Home / General Information / List of Monarch Reigns / Denmark / Erik Christoffersen (Eric Christoffersen, junior king), second reign

Information about reign: Erik Christoffersen (Eric Christoffersen, junior king), second reign

CountryDenmark
From1329
To1332
Personal InformationKing Eric Christoffersen of Denmark (1307 - 1332)
Description

Eric Christoffersen (Danish: Erik Christoffersen) was king of Denmark from 1321 until his death, jointly with his father, King Christopher II. He was a member of the House of Estridsen. In Danish, he is called "Erik, udvalgt Konge."

Eric was the eldest son of King Christopher II and Euphemia of Pomerania. In 1321, he was elected king and crowned alongside his father as his junior co-ruler on 15 August 1324. In 1325, his father asked him to halt the Counts of Holstein and their allies, but was deserted by his troops, taken prisoner and confined in Haderslev Castle. His father was forced to abdicate and go into exile, while the 12-year-old Duke Valdemar of Southern Jutland was made king of Denmark under the regent, Count Gerhard III of Holstein. After a period of chaos in the "magnates’ republic" of Denmark, King Christopher was restored as a puppet monarch in 1329 through the help of his half-brother Count John III. Eric was released in 1330, on the condition he married Elizabeth of Holstein-Rendsburg, dowager duchess of Saxe-Lauenburg and sister of his father's enemy, Count Gerhard III, by whom he had no children. The marriage was dissolved the next year as war again erupted between his father and Count John III and his brother-in-law Gerhard III.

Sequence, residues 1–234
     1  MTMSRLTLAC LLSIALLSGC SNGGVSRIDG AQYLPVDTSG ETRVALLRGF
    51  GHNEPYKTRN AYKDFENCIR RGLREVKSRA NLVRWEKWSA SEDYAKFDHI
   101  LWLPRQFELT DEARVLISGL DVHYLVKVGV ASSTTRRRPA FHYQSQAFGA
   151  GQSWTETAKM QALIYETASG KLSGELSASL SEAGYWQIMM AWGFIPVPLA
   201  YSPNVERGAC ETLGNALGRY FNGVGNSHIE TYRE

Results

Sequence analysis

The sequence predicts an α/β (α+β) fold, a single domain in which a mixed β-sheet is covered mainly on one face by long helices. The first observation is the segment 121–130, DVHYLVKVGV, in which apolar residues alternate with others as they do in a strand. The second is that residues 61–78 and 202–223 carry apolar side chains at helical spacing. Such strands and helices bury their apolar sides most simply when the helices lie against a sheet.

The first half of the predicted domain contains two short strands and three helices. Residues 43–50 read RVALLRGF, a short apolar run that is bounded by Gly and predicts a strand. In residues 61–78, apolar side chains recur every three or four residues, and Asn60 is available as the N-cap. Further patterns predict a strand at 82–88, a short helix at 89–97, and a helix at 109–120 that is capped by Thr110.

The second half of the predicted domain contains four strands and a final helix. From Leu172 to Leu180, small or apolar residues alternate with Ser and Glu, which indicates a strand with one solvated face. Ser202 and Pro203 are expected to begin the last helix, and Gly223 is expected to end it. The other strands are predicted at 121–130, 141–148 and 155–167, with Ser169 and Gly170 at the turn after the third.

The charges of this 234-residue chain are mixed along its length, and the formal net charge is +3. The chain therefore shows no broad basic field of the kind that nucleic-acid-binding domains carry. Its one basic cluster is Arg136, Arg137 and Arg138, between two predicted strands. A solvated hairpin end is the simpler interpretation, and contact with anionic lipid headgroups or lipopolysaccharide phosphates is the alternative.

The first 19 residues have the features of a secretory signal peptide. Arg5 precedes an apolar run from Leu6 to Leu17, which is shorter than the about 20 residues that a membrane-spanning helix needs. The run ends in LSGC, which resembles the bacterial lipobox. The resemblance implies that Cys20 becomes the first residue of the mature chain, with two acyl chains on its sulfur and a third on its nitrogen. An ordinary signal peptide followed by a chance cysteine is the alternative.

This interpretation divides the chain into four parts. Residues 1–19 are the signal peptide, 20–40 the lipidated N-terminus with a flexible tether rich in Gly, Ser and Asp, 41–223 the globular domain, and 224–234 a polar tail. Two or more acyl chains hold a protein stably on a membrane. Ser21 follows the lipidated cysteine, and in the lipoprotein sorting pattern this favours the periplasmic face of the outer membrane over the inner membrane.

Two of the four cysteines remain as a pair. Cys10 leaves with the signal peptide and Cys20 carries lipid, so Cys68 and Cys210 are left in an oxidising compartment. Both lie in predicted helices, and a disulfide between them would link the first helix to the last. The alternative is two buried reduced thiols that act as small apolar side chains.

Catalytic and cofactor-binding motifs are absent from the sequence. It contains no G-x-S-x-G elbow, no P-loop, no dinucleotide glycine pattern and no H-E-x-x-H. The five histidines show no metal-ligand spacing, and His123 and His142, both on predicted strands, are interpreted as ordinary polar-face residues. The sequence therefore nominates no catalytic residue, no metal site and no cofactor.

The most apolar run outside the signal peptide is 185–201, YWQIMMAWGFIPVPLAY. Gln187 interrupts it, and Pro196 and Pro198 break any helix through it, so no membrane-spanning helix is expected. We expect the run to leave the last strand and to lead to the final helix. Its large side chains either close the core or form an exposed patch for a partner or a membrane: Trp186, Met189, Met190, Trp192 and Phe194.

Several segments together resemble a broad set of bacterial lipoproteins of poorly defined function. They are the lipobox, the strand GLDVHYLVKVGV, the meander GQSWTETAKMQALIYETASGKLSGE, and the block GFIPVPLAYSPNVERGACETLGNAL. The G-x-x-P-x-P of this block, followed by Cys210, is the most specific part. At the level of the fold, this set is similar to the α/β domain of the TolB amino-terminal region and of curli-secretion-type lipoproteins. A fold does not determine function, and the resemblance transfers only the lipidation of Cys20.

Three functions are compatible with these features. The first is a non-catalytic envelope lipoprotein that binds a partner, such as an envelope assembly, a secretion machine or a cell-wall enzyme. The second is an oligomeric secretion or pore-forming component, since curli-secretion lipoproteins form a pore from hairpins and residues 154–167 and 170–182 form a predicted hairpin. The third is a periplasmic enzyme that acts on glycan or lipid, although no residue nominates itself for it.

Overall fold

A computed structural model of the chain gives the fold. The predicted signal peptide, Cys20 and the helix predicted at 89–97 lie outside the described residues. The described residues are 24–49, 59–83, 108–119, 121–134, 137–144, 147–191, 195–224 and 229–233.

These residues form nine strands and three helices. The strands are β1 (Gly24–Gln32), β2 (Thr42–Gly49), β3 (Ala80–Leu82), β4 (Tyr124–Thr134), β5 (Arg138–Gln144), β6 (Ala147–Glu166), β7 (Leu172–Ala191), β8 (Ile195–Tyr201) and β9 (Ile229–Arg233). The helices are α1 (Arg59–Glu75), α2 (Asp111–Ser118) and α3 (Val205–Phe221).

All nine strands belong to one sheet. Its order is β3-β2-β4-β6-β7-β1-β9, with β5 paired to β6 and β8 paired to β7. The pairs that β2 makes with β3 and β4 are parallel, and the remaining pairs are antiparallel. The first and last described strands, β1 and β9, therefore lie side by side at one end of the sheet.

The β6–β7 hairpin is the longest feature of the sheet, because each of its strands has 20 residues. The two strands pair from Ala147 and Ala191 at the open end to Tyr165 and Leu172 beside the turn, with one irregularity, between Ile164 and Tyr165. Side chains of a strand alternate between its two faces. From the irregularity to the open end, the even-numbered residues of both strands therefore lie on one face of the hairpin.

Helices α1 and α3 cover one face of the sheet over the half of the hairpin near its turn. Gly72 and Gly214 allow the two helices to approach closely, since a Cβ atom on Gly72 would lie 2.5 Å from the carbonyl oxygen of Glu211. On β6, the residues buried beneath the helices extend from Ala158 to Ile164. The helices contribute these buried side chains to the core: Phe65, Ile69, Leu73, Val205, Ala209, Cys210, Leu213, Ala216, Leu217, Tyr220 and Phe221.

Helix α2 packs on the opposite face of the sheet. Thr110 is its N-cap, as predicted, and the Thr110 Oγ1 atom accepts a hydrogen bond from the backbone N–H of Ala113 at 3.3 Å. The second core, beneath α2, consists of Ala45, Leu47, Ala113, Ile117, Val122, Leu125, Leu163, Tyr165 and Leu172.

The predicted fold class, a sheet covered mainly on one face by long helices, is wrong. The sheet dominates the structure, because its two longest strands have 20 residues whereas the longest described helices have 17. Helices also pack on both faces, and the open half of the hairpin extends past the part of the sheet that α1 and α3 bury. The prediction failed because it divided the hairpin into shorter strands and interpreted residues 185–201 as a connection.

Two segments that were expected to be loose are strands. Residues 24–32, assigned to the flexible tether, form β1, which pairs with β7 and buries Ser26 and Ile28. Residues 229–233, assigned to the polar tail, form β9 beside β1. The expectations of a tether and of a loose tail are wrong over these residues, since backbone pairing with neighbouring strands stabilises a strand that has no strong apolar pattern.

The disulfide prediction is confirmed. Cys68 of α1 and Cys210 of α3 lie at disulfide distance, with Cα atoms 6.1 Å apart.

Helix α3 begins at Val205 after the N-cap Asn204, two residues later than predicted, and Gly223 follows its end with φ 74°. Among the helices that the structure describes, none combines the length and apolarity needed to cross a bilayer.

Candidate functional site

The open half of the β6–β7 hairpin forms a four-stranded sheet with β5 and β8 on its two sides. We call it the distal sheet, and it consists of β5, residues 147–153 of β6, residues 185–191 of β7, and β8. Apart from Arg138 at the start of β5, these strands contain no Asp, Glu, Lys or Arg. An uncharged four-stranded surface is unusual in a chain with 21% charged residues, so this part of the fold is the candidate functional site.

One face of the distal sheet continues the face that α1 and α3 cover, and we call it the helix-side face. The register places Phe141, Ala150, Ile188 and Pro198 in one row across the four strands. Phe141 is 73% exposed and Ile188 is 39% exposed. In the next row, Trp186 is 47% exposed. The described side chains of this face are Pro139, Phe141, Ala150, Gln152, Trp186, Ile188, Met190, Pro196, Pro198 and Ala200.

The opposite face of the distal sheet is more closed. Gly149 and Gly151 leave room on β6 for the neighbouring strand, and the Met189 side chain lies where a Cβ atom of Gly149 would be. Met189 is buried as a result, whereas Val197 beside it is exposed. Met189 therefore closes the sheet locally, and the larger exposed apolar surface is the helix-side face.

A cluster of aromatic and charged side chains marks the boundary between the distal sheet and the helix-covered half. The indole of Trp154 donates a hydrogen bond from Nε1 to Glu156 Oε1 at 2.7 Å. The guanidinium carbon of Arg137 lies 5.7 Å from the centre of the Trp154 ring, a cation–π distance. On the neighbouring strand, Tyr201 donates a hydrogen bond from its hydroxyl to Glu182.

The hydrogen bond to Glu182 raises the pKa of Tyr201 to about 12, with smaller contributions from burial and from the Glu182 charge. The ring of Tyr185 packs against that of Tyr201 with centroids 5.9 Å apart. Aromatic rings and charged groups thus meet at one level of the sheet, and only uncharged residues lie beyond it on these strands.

He predeceased his father, fighting in the battles, which subsequently broke out between his father and Holstein. On 30 November 1331, Eric was defeated at the battle at Danevirke, but managed to escape to Kiel, where he died of his battle wounds, a few months afterward, either in late 1331 or early 1332. Eric was buried at Sorø Abbey, later his remains were transported to the St. Bendt's Church. Upon his father's death in the same year, Denmark ceased being a formal kingdom, and for the next eight years it was subdued by various mortgagees to German military rule. His younger brother would later regain Denmark from the Holsteiners and succeed as Valdemar IV of Denmark.